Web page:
Adaptability isn't specifically encoded into DNA but age does have an effect on a person's WILLINGNESS to adapt. Older people are notorious for refusing to adapt, nowhere more anecdotally evident than with technology. This article/study challenges this widely accepted notion and turns it on its head pointing to millennials being the oil in the water.
 

jbltecnicspro

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I'm going to be 38 here soon and here has been my experience.

Technology most of my life was new and quite frankly extremely non user friendly or outright broken for most of that time. I was forced to adapt and learn to expect nothing to work quite exactly how the marketers claimed it would. As such I built up a wealth of knowledge and the ability to adapt when something doesn't work as intended.

The younger generations haven't had that experience. They have had technology where the user experience was highly refined in most cases and they have been bombarded with "It just works". Now sure I like to bag on them and call them lazy and entitled and that is true about some. However most are just lacking experience because quite honestly tech for their generation has in fact been better.

That said, fuck the lazy entitled ones.

I think you nailed it. It's one of the reasons why I'm seriously considering starting my son off on a DOS box, so that hey can figure things out, learn the command line, and actually put in work to get his software up and running. The great thing about newer tech is that it's much more refined than it ever has been, and now for the most part (as you said) - it just works. This creates more abstraction layers in between the user and the machine so that nowadays the user has no clue WTF he's doing. I see it all the time now - if something breaks, the user is as clueless as possible. Whereas back then, having the machine break was just a part of life. :)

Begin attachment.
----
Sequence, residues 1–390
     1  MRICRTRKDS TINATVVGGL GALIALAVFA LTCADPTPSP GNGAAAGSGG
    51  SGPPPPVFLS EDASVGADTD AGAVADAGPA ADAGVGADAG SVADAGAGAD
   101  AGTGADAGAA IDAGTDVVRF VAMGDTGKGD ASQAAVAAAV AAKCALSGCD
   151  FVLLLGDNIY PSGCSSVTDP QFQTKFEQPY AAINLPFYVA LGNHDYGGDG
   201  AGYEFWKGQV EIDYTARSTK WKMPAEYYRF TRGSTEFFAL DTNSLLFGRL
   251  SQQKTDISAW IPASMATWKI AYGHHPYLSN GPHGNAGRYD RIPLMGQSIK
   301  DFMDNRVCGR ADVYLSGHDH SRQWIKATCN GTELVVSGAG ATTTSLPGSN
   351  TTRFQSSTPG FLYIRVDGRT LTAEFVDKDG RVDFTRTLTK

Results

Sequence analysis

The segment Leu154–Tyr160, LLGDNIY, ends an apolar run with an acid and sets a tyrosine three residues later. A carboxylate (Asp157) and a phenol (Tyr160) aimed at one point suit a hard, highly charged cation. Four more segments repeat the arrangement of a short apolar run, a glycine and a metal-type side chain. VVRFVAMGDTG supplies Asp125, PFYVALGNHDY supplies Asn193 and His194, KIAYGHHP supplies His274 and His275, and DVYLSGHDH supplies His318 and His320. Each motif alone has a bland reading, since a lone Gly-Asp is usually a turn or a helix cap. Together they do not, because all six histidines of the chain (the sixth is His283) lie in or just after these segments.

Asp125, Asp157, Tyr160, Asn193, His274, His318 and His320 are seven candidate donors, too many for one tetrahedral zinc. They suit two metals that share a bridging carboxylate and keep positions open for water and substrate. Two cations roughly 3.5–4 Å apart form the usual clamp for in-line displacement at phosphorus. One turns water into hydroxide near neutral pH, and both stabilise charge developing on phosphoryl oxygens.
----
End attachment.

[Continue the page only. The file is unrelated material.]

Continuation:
IceDigger

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What I have noticed in the tech field is the younger generation seems to be stuck constantly looking at their phones than doing their jobs.
 

DukenukemX

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If you up on Windows 3.1/95 and death with PC hardware that required you to play with dip switches and jumpers, you have a somewhat understanding on what goes on behind the curtain. If you grew up on tablets and Windows Vista/7 then you have no idea what's going on. This is something I predicted cause we're conditioned to not understand how things work. This is why things like Raspberry Pi and Linux are so great, cause they teach you how computer systems work.
 
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It's strange that this idea persists that anyone older than 40 years is probably ignorant of computer technology. Most everyone who isn't old enough to draw SS has dealt with it their entire adult lives. I was learning BASIC on my C64 as a child.
 

jbltecnicspro

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If you up on Windows 3.1/95 and death with PC hardware that required you to play with dip switches and jumpers, you have a somewhat understanding on what goes on behind the curtain. If you grew up on tablets and Windows Vista/7 then you have no idea what's going on. This is something I predicted cause we're conditioned to not understand how things work. This is why things like Raspberry Pi and Linux are so great, cause they teach you how computer systems work.